But man, what a lead performance from the aptly-named Ronan. Despite her small frame and cherubic features, you absolutely believe that she could be a cold-hearted super-assassin. This is certainly a landmark, breakthrough performance for her as an actress - she is totally captivating during every moment she's on-screen. Similarly, Eric Bana is just plain badass in this one - perhaps his best role since Munich. He doesn't get as much screentime in the second half of the film, but when he is front and center, he brings a driven, Christian Bale-like intensity to his scenes. He also gets in one particularly awesome subway-set action scene that is shot with kinetic flair by Wright. Blanchett is basically always great, but in this one I will say I found her character a little too much of a blank slate. She never really 100% worked as a villain - and her strange-sounding Southern accent didn't really do much for me either. Much better were the love-to-hate-'em German baddies who Blanchett sends after Hanna. Like a more serious version of the Nihilists from The Big Lebowski, these guys were scene-stealers through and through.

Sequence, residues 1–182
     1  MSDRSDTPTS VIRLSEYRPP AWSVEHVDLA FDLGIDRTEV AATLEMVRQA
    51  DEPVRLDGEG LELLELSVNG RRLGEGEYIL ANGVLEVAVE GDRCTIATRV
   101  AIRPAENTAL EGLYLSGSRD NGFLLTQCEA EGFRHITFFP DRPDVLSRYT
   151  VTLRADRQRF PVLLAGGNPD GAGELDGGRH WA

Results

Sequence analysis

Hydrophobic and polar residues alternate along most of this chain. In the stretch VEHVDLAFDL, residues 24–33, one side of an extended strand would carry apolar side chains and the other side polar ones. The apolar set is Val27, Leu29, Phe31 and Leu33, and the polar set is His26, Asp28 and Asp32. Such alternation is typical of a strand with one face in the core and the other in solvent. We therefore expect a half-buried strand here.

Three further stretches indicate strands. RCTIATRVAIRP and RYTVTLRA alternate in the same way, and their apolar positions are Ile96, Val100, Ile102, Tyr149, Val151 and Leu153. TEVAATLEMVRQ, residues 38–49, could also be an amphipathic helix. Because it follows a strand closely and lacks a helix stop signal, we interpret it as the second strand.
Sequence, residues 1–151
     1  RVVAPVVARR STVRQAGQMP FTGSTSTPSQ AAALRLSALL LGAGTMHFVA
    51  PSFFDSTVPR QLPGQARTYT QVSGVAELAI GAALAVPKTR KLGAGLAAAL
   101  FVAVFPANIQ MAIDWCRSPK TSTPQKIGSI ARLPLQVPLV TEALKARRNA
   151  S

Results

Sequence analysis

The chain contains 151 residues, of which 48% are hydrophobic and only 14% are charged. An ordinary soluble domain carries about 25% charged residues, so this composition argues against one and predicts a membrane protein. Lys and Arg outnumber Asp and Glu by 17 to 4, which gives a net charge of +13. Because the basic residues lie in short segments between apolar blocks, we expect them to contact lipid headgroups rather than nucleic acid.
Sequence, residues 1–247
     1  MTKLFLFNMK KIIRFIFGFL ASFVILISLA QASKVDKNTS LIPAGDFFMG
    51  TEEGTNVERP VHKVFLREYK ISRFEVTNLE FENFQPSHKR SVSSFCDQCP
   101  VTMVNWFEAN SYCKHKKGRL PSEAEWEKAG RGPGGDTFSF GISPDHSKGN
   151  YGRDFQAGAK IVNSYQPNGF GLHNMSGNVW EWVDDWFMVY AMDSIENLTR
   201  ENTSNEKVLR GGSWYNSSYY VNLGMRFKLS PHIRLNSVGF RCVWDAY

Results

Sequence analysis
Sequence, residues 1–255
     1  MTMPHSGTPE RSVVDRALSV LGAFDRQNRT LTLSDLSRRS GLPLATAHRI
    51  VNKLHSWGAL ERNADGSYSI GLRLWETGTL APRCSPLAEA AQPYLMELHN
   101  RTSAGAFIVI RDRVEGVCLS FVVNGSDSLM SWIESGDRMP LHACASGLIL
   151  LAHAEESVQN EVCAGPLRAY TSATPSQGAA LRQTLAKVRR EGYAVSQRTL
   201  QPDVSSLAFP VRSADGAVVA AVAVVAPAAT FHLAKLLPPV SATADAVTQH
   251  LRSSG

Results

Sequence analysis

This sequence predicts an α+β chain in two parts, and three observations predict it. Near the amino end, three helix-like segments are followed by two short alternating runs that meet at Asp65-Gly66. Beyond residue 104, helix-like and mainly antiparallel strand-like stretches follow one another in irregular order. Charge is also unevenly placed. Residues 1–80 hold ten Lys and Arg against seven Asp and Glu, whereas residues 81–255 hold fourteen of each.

I guess my other main issue with HANNA is simply that it seems to be trying a little too hard to be artsy at times, to the point of being a bit of a distraction towards the end of the film. It's funny, I mentioned how the opening act of the movie has this great, weird, trippy vibe. Well, it's almost like Joe Wright makes this last-ditch effort to recapture that towards the movie's end, but stumbles trying to do so. A whacked-out couple of sequences set in an old, abandoned, fairy-tale-themed amusement park just feel like too much - too self-conciously trippy, a bit heavy on the symbolism of Hanna-as-fairy-tale-character-gone-wrong. I think some of the movie's main shortcomings probably lie in the script, which doesn't quite seem to know what to do with its plotline or characters. When HANNA's script serves as a loose spine for Joe Wright to dazzle us with his visuals - that's when it really pops. But the movie's big reveals and twists are ultimately pretty ho-hum, and you wonder if the movie might have benefitted from keeping things a bit closer to the vest.
Overall though, HANNA is a pretty badass little action movie that has a very unique style and sensibility. The movie is visually amazing - it looked spectacular on the big screen at the Arclight theater in Hollywood. And those visuals - when they're at their most mesmerizing and disorienting, and combined with that great Chemical Brothers soundtrack - really do grab you and suck you in to this strange world of teen-girl super-soldiers - of intrigue and cover-ups and mystery. Personally, whatever criticisms I have of HANNA, I'm excited to see a little movie like this make such a splash at the box office. This is the kind of movie that is the perfect alt-action-flick - an example of how to make a badass action-thriller without being cookie-cutter and generic.
My Grade: B+